Naturellement: Also hidden away in the forest zone, Naturellemont is a haven for homemade pastas. Transport yourself to Europe with their pesto pasta and open-faced Scandinavian sandwiches, in an open air garden setting.

Frite Corner: Often overshadowed by Tanto next door, Frite Corner is a favorite hangout among locals for its sinfully good fries and grilled sandwiches. A must try!
Farm Fresh. My favorite place to grab a snack. The baguette sandwiches and Italian toast live up to its name; farm fresh goodness.

Le Morgan: Located at the Town Hall, Le Morgan has an eclectic combination of simple South Indian fare and french dishes to sample, starting with fresh idlis for breakfast. Finger licking good!

Solitude Farm: It takes the goodness of organic food to a whole new level. Fresh produce from the organic farm is cooked in South Indian style and served up with the local rice. I had one of my best local meals here, of banana flower, curries and rice. Prior reservation is needed.

THINGS TO DO 

Buddha Garden: I spent some time learning about the sustainable food practices at Buddha Garden, owned by an English lady who moved to Auroville 19 years ago, after 25 years in market research. Her journey is inspiring, as is learning about and volunteering on a farm that is 100% organic. They make their own compost, experiment with pest control remedies, and have plenty of work for volunteers. Volunteering hours are from 6:15 to 9:00 am, and every Monday morning, Priya holds an ‘introduction to sustainable farming’ session. They offer rustic accommodation for volunteers at 200 rupees a day, and can customize volunteer programs for long term volunteers and big groups.

Sadhana Forest: I haven’t spent time there myself, but heard so much about them. They have quite a structured volunteer program, that focusses on reforestation on severely eroded land. Sadhana Forest is located deep in the forest zone of Auroville, so the only way to volunteer is to stay there. They charge 9,500 rupees for a month long stay, covering basic accommodation and food for volunteers.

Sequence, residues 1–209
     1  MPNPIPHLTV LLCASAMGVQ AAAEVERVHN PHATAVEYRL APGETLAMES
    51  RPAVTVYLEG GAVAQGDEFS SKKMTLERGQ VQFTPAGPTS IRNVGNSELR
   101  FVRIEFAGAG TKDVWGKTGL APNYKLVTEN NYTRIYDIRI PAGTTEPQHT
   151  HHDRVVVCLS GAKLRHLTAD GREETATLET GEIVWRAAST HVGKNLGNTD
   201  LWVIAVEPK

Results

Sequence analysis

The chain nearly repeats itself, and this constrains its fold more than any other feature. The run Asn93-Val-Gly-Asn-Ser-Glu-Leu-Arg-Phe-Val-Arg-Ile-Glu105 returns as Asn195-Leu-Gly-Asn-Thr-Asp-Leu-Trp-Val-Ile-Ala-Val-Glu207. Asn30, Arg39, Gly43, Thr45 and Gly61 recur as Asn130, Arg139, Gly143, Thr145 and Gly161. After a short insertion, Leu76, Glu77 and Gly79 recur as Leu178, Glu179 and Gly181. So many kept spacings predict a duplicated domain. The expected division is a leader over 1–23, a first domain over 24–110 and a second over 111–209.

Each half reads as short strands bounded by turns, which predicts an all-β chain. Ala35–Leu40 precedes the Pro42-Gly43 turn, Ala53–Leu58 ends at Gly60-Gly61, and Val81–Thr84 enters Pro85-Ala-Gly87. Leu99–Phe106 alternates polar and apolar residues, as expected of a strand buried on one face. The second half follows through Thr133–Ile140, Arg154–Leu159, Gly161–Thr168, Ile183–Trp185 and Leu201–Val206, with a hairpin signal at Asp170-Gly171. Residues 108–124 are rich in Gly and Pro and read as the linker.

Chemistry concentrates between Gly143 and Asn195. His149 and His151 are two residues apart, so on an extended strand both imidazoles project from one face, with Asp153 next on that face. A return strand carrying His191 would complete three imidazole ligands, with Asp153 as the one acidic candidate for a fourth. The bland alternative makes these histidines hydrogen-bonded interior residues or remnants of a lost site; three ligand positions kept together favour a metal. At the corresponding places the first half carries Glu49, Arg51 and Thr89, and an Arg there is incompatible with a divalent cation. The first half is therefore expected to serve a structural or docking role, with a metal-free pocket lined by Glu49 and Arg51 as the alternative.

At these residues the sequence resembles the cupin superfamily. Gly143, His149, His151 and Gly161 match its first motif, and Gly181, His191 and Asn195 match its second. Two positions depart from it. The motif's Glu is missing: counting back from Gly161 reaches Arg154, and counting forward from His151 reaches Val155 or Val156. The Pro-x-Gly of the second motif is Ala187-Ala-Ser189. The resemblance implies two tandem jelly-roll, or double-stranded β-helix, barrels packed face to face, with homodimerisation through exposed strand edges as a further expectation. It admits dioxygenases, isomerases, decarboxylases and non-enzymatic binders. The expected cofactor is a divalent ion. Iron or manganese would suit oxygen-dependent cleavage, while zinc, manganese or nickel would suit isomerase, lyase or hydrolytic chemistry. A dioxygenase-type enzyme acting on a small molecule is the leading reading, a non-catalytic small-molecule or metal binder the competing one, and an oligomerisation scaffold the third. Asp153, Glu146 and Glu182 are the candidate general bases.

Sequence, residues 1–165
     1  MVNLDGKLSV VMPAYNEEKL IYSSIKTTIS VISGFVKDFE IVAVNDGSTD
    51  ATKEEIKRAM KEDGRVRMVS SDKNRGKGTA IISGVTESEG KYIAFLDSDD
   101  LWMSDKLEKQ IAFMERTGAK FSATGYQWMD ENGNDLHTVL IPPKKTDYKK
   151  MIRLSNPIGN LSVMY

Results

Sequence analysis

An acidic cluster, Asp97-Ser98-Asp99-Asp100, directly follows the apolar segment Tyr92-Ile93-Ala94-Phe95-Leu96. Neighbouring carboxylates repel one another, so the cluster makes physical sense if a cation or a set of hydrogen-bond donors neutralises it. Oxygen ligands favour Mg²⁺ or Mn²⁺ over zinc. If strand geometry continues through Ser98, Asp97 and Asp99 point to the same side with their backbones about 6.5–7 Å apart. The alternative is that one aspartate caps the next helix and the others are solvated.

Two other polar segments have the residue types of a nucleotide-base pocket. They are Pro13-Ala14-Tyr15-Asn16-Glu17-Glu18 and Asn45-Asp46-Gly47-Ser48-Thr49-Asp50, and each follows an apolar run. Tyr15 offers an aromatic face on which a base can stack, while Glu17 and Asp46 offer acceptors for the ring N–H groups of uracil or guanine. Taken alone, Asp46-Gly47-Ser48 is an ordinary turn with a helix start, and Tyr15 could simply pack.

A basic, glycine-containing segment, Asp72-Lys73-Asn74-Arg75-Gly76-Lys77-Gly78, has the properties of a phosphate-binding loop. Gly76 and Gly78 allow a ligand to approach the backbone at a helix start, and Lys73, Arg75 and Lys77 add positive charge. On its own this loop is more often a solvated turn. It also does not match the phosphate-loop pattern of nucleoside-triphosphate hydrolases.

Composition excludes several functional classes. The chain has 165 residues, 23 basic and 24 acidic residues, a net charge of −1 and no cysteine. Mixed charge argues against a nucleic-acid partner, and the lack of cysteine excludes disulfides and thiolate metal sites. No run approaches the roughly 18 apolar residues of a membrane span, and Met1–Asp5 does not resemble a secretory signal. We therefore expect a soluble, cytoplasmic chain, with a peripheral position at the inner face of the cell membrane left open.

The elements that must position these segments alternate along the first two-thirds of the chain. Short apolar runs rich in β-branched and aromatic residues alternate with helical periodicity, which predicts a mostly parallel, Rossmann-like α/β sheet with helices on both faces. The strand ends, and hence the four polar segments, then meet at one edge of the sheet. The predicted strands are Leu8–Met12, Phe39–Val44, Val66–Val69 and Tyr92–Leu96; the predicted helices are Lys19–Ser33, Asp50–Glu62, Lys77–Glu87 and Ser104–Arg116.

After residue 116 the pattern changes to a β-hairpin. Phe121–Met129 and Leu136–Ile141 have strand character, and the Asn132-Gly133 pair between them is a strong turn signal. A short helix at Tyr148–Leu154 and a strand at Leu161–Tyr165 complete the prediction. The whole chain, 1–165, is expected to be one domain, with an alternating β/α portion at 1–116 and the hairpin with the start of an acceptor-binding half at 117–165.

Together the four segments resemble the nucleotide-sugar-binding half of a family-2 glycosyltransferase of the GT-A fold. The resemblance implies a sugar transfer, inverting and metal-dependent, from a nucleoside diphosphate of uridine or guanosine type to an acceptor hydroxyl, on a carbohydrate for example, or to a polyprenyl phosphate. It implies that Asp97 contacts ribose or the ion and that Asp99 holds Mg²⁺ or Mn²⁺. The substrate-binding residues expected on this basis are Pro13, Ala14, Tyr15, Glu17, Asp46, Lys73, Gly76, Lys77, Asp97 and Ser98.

THINGS TO DO

Matrimandir: The giant ferrero rocher-like building that the township of Auroville is built around is an experience in itself. It’s a bit like being in a spaceship themed on the color white. The ceiling, walls, pillars, carpets, cushions, everything is white. A single ray of sunlight streams through the roof, upon a crystal that sits in the centre of the meditation area; beautiful architecture! Unfortunately, outsiders can only visit Matrimandir with a prior booking (it often gets full 2 days in advance) at the visitor’s centre, and in a big group. Not ideal for meditation, but a worthwhile experience nonetheless!

Local events: There are plenty of things to try, learn and experience during your stay in Auroville; foreign movie screenings at the town hall, eco movie screenings at Sadhana Forest, pizza nights with the Youth Club, discussions on Auroville-related subjects, pottery classes, yoga classes, short term volunteering in schools, farms, forests and conservation initiatives, language and dance classes, and more. Refer to the resources listed below to find these opportunities.

Auroville Beach: The coast of Auroville is lined with soft, golden and black volcanic sand, on the shores of a roaring sea. Know a better way to spend an introspective evening?

Be the first one to comment